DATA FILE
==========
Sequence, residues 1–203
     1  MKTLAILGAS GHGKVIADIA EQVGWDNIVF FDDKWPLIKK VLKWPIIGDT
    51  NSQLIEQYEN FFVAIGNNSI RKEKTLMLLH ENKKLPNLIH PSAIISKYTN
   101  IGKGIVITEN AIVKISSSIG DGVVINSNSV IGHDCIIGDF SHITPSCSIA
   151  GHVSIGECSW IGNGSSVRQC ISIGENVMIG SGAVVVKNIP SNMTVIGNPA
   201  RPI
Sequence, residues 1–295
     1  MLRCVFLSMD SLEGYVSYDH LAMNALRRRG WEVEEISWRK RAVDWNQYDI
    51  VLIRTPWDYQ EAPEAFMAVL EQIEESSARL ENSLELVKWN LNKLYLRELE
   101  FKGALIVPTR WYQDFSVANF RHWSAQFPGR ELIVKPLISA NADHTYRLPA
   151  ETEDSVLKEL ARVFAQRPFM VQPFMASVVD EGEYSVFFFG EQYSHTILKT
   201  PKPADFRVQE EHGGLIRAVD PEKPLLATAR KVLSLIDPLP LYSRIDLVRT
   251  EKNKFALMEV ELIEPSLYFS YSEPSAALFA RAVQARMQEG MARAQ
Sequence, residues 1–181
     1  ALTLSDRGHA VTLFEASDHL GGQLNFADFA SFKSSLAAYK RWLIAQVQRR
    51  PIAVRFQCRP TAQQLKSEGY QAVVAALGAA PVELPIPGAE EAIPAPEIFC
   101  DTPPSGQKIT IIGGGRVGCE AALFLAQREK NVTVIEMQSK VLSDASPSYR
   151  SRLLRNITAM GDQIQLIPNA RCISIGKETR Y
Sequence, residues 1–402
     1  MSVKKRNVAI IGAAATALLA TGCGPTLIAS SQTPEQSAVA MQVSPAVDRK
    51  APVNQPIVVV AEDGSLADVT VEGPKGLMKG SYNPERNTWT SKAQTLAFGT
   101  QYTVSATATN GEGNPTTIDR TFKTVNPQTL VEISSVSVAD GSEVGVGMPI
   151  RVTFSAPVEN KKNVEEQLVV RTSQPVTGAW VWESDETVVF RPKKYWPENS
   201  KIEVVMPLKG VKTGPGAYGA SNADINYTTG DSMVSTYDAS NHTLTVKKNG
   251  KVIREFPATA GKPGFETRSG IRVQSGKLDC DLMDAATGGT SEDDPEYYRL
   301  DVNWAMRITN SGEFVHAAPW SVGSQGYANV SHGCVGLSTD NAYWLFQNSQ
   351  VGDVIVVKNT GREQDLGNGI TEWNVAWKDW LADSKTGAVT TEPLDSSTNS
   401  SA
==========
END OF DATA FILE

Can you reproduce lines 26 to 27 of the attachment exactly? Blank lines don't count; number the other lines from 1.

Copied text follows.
   301  DVNWAMRITN SGEFVHAAPW SVGSQGYANV SHGCVGLSTD NAYWLFQNSQ
   351  VGDVIVVKNT GREQDLGNGI TEWNVAWKDW LADSKTGAVT TEPLDSSTNS